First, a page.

Timeline of the Declaration of Independence

Jul. 01, 2020 by Adriana Thompson

United States and Concordia University Texas flags on flagpole

Did you know that the United States of America is 150 years older than Concordia University Texas? Independence Day, or commonly known as July 4th, is a national celebration of when the American colonies (soon-to-be United States of America) declared independence from Great Britain.

The timeline of events leading to the creation and adoption of the Declaration of Independence — the founding document upon which the country was built — were wrought with hardship, war and sacrifice. The result? The United States of America, a nation of incredible opportunity for every citizen.

Read the Declaration of Independence.

1763-1765: Taxing the Colonies

Before the United States of America formed in 1776, the 13 colonies were ruled by Great Britain. After defeating France in the French and Indian War in 1763, the British government began imposing new taxes on the American colonies to recoup the expenses of the war.

The Sugar Act of 1764 imposed duties on all imported refined sugar and molasses from non-British Caribbean sources (not so sweet). The British government then attempted to directly tax the colonists through the Stamp Act of 1765, which required all legal documents and printed materials to have a stamp that could only be retrieved by paying tax.

Colonists rebelled against the tax, refusing to get their documents stamped, burning the stamps and trying to intimidate the stamp distributors. Tensions, already present, began to grow.

1767-1773: Continued Hostility

The British Parliament passed the Townshend Acts in 1767, through which they tried to exert authority over the colonies by suspending assemblies of colonials who didn't cooperate and enforcing the collection of revenue duties.

Colonists once again resisted, often resulting in violence, evasion of the duties and more. In response to the hostility, Great Britain sent more regiments of the British Army to Boston.

In 1770, a group of British army soldiers were threatened and taunted by a mob of colonials in Boston; they opened fire and killed five people. The incident is known as the Boston Massacre, and John Adams (future U.S. president) successfully defended the British soldiers, resulting in acquittals and reduced sentences.

Great Britain then imposed the Tea Act of 1773, which had two sly purposes. First, they wanted to help the struggling British East India Tea Company; they would allow the company to export tea directly to the colonies and impose the Townshend tax on colonists, thereby relieving much financial strain and allowing them to sell the tea for less money. Second, because colonists would be willing to pay for cheaper tea, they would purchase tea from the British East India Tea Company and legitimize the British Parliament's taxation of the colonies.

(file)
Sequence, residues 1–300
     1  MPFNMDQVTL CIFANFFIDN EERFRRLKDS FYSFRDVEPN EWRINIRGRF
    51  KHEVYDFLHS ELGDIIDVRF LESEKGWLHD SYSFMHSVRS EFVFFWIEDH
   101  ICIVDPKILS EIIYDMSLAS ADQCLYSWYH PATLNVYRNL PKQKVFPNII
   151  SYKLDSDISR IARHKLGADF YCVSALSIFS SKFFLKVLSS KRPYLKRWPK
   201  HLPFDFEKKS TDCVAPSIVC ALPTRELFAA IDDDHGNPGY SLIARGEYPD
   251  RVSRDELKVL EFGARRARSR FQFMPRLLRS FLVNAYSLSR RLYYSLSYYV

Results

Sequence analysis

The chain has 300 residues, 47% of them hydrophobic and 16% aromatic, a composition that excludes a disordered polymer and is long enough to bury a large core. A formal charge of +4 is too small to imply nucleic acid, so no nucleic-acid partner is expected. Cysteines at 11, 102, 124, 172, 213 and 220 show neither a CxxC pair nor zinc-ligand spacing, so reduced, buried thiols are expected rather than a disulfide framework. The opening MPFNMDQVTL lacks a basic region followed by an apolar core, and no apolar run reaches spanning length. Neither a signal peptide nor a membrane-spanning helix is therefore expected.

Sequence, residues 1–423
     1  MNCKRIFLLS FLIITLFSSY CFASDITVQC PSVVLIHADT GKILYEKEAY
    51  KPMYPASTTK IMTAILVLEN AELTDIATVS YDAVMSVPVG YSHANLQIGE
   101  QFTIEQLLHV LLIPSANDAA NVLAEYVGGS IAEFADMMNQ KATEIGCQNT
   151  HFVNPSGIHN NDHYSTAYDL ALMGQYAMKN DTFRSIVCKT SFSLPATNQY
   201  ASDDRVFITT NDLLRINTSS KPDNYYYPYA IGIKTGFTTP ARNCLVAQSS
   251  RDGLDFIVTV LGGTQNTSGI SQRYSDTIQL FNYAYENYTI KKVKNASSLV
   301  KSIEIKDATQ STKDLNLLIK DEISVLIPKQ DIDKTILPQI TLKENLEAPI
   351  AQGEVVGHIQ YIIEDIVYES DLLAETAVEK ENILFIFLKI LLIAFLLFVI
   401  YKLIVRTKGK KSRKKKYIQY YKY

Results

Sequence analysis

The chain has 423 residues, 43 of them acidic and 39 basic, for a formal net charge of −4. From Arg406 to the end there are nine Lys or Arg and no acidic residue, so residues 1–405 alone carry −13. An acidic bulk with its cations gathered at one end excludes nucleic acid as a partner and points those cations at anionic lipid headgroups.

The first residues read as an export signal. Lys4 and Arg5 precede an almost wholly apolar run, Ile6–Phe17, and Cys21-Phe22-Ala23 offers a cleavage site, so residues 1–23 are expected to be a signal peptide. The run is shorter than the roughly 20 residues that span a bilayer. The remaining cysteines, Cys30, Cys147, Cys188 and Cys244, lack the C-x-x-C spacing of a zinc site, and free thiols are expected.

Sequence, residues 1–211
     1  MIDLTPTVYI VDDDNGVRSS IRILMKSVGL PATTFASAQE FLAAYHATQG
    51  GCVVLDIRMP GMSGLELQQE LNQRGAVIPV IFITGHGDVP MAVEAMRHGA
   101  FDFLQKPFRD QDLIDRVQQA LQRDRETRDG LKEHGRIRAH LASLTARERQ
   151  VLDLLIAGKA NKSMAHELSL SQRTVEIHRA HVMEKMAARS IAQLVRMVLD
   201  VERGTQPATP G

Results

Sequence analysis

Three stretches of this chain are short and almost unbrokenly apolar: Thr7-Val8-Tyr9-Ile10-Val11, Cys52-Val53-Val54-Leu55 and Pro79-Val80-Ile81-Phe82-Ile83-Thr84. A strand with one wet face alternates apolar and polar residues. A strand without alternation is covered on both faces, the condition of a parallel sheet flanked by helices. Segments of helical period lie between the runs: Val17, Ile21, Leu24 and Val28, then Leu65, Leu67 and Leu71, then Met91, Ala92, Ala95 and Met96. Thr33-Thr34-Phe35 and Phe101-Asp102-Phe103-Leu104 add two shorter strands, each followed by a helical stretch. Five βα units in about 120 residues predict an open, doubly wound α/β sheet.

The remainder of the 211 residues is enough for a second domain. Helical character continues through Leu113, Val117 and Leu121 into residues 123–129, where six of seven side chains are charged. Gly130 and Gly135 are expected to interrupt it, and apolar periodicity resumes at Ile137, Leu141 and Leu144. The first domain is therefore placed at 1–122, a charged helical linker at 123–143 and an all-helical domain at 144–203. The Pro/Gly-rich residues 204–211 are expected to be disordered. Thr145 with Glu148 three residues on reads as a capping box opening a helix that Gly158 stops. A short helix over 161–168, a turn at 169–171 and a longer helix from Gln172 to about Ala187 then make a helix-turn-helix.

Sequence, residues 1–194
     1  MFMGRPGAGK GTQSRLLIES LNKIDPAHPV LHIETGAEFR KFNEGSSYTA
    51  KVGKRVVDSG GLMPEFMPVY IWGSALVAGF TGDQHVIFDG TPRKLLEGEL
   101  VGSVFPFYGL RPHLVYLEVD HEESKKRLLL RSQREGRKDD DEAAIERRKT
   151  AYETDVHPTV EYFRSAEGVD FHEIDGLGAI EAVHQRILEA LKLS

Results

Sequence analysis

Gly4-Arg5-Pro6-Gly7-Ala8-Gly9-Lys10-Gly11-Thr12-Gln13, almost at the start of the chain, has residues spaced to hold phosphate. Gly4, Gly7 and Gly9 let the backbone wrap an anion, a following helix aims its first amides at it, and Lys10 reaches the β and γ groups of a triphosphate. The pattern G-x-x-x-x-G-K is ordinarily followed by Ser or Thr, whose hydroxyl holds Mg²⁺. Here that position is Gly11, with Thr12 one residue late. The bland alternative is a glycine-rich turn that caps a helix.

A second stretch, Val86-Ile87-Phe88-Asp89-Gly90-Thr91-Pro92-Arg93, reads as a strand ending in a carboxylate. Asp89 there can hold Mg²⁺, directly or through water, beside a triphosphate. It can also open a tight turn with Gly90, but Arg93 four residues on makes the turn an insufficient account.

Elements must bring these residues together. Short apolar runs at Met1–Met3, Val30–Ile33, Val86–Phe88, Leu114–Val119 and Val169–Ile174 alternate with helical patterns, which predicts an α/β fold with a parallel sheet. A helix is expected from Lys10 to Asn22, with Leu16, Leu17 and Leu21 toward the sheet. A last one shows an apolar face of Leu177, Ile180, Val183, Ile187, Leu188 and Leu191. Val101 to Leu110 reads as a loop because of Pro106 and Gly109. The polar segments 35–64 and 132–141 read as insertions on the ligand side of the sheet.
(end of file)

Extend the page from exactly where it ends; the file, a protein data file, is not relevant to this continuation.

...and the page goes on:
In December 1773, in protest of taxation without representation in British Parliament, colonists in Boston disguised as Mohawk North American Indians boarded ships and dumped tea from the British East India Company into the Boston Harbor, brewing greater tension.

1774: Continental Congress Established

Great Britain responded to the colonists' hostility with the Intolerable (or Coercive) Acts, which were formed to punish Massachusetts and dissuade other colonies from rebelling.

  • Boston Port Act — closed port of Boston until colonists paid for destroyed tea and order restored
  • Massachusetts Government Act — took away Massachusetts' charter and gave British government control
  • Administration of Justice Act — allowed royal officials accused of crimes against colonials to be tried in other parts of the British Empire if a fair trial in Massachusetts appeared unlikely; although colonials offered reimbursement for travel across the Atlantic Ocean, didn't guarantee reimbursement of lost wages, which likely prohibited colonists from testifying against royal officials
  • Quartering Act — applying to all colonies, allowed governors to house British soldiers in other buildings if colonists didn't provide housing for soldiers

From September to October 1774, the First Continental Congress, represented by delegates from all colonies except Georgia, met and called for colonists to boycott all British goods.

1775-1776: The Call for Independence

Many colonists believed that war with Great Britain was inevitable and encouraged the pursuit of complete independence. In March 1775, Patrick Henry, a founding father, delivered his famous speech to the Second Virginia Convention, stating, "I know not what course others may take, but as for me, give me liberty or give me death!"

Less than one month later, the Battles of Lexington and Concord sparked the beginning of the American Revolutionary War. The Second Continental Congress convened, functioning as a national government, to form armies and strategize.

At the beginning of 1776, Thomas Paine, an English-born American patriot, published his pamphlet Common Sense, which encouraged colonists to strive for independence from Great Britain. It is credited for paving the way for the Declaration of Independence and convincing many colonists to support independence.

July 4, 1776

On July 2, 1776, the Second Continental Congress adopted the Lee Resolution, voting for independence from Britain. On July 4, Congress adopted the Declaration of Independence, which was first drafted by Thomas Jefferson and edited to the final version by the Congress.

George Washington, a founding father, led the United States to victory, and on September 3, 1783, the war ended with the Treaty of Paris, in which Britain officially recognized the independence of the United States.

Does history fascinate you? Learn more about the History program at Concordia University Texas.

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